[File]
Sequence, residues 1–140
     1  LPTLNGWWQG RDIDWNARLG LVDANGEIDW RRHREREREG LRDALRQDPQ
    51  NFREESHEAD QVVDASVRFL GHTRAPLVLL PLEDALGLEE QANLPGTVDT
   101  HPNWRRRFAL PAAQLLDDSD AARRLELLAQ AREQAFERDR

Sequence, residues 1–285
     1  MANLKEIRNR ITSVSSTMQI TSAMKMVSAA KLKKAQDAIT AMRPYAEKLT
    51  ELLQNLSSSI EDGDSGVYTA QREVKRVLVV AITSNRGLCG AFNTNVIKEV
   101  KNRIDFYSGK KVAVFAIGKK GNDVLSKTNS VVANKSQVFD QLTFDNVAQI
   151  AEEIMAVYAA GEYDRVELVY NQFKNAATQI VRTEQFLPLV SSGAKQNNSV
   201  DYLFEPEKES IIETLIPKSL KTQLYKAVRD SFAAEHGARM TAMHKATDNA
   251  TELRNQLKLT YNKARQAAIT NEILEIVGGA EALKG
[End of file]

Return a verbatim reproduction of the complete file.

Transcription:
Sequence, residues 1–140
     1  LPTLNGWWQG RDIDWNARLG LVDANGEIDW RRHREREREG LRDALRQDPQ
    51  NFREESHEAD QVVDASVRFL GHTRAPLVLL PLEDALGLEE QANLPGTVDT
   101  HPNWRRRFAL PAAQLLDDSD AARRLELLAQ AREQAFERDR

Sequence, residues 1–285
     1  MANLKEIRNR ITSVSSTMQI TSAMKMVSAA KLKKAQDAIT AMRPYAEKLT
    51  ELLQNLSSSI EDGDSGVYTA QREVKRVLVV AITSNRGLCG AFNTNVIKEV
   101  KNRIDFYSGK KVAVFAIGKK GNDVLSKTNS VVANKSQVFD QLTFDNVAQI
   151  AEEIMAVYAA GEYDRVELVY NQFKNAATQI VRTEQFLPLV SSGAKQNNSV
   201  DYLFEPEKES IIETLIPKSL KTQLYKAVRD SFAAEHGARM TAMHKATDNA
   251  TELRNQLKLT YNKARQAAIT NEILEIVGGA EALKG